The revelations were made by the Amalgamated Rural Teachers Union of Zimbabwe in a statement made on Thursday.
Said ARTUZ, "The divisive 2,5% tax imposed on civil servants to feed our military is a sick attempt to set civil servants against each other. We are aware that members of the military have already turned down this scheme and labelled it as unrealistic and divisive. Whoever is pushing this agenda is an enemy of the state determined to destabilise our public service."
On Wednesday, Information Minister Monica Mutsvangwa said to help ease conditions for the security forces, the government would establish garrison shops to enable service personnel to buy cheaper goods.
Mutsvangwa said all government workers would from next month start contributing 2.5% of their monthly salaries to a state savings fund. Security force members who make the contributions would be able to buy goods cheaply from the new shops.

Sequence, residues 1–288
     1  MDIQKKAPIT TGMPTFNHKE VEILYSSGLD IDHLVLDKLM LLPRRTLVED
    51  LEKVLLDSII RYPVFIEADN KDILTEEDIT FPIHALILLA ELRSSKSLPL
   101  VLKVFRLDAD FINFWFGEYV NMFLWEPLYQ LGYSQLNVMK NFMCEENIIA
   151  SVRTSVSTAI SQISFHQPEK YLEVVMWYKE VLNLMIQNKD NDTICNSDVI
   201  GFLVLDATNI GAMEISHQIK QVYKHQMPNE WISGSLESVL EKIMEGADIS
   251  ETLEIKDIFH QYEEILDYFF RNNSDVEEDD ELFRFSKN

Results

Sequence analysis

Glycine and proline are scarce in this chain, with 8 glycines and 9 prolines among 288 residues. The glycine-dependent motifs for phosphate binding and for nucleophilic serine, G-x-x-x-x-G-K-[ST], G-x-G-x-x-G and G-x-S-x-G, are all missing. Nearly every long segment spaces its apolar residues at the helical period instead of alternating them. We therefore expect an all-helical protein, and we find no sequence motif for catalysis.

The minister said consultations were still being held with the public service commission, which employs all government workers.
Speaking alongside Mutsvangwa Finance Minister Mthuli Ncube said, "Garrison shops in terms of physical structures already exist in the cantonment areas but there is no subsidy, that is what we want to try to cure with this proposal."
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